AG 2012

Report
Strengthening partnership to promote
climate-smart agriculture in West Africa
Robert Zougmoré
CCAFS West Africa Program Leader
Length of growing season is
likely to decline..
Length of growing
period (%)
To 2090, taking 14
climate models
Four degree rise
Thornton et al. (2010) ILRI/CCAFS
>20% loss
5-20% loss
No change
5-20% gain
>20% gain
What is Climate Smart Agriculture?
Agriculture that sustainably:
1. increases productivity
2. resilience (adaptation)
3. reduces GHG (mitigation)
And enhances achievement of
national food security and
development goals (FAO, 2010)
WWW.FAO.ORG/CLIMATECHANGE/CLIMATESMART/EN
Food
Security
Ecological
foot print
Adaptation
“Climate smart means landscape and policy smart”
CSA is not business as usual?
Multiple benefits
Attention to synergies and trade-offs
New partnerships
New types of finance
It’s a multitude of trade-offs…
•Across sub-sectors (e.g. residues to soils or
livestock?)
•Across spatial scales (e.g. more productive
agriculture can result in forest clearance)
•Different kinds of households (e.g. some risk
insurance exclude female-headed households)
•Short-term vs. long term benefits (e.g. livestock
risk insurance can promote land degradation)
It’s all about scale
• CSA can have different meanings depending upon the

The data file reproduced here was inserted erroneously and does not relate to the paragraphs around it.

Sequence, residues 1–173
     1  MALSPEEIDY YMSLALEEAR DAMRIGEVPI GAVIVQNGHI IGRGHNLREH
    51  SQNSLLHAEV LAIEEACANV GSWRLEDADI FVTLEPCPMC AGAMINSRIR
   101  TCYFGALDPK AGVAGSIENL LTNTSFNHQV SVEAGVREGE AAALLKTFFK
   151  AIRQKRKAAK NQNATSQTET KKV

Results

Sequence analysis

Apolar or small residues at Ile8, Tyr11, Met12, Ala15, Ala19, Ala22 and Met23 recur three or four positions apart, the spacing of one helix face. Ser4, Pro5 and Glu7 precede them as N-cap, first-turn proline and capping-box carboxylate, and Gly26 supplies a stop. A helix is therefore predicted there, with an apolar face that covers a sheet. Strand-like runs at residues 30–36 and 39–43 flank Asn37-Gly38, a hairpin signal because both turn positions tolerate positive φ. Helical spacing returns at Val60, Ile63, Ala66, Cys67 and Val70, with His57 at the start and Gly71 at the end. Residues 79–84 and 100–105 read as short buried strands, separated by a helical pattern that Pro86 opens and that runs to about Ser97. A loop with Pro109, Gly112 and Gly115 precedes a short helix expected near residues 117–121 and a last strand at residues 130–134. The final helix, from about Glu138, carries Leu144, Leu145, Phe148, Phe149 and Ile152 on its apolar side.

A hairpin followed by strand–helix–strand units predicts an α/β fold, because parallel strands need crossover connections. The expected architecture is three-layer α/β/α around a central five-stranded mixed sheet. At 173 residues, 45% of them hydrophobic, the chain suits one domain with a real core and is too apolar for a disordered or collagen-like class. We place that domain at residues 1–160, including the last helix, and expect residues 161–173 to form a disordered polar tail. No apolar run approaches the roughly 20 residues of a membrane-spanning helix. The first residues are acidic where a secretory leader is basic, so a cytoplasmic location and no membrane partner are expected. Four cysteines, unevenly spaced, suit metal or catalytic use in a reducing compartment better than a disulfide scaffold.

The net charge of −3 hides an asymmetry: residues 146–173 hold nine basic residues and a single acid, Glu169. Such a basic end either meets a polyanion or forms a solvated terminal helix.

scale at which it is being applied:
• At local scale: opportunities for higher production, e.g.
through improved management
• At national scale: e.g. providing frameworks that incentivize
sustainable management practices
• At global scale: e.g. setting rules for global trade
• For smallholders: greater food security and resilience
against shocks
• For intensive agriculture: opportunities to reduce emissions
 Effective partnership to ensure that the different
temporal and spatial scales work together properly
Some climate-smart agricultural
practices
Crop management





Livestock
management
Intercropping
 Improved feeding
with legumes
strategies
Crop rotations
 Rotational grazing
New crop
 Fodder crops
varieties
 Grassland
Improved storage
restoration and
and processing
conservation
techniques
 Manure
Greater crop
treatment
diversity
 Improved
livestock health
 Animal husbandry
improvements
Soil and water
management
 Conservation
agriculture
 Contour planting
 Terraces and
bunds
 Planting pits
 Water storage
 Alternate wetting
and drying (rice)
 Dams, pits, ridges
 Improved
irrigation (drip)
Agroforestry
 Boundary trees
and hedgerows
 Nitrogen-fixing
trees on farms
 Multipurpose
trees
 Improved fallow
with fertilizer
shrubs
 Woodlots
 Fruit orchards
Integrated food
energy systems
 Biogas
 Production of
energy plants
 Improved stoves
All practices presented here improve food security and
lead to higher productivity, but their ability to address
adaptation and mitigation varies
Total annual GHG emissions
1,000 t CO2e, from land-use change, livestock, nitrogen fertilizer consumption
and fires in grazing lands (Brown et al 2011)
Region
East Africa
Ethiopia
Kenya
Tanzania
Uganda
Land-Use
Change
7,339
1,812
1,833
1,112
Subtotal
12,097
74,093
722
273
1,664
440
31
369
2,778
8,779
1,865
9,270
10,405
3,364
33,683
14,874
107,776
Country
West Africa Burkina Faso
Ghana
Mali
Niger
Senegal
Subtotal
Grand Total
Livestock
41,966
11,988
13,935
6,204
Nitrogen Grazing Area
Fertilizer
Burned
339
1,254
323
232
42
1,736
18
524
50,897
14,356
17,546
7,858
Total
from NC
32,72
12,08
28,01
5,79
3,745
90,657
78,62
18
55
64
14
84
235
306
491
241
9
249
1,297
9,377
4,076
10,015
10,460
4,066
37,993
4,50
4,63
7,03
6,23
4,51
26,91
957
5,043
128,649 105,54
Total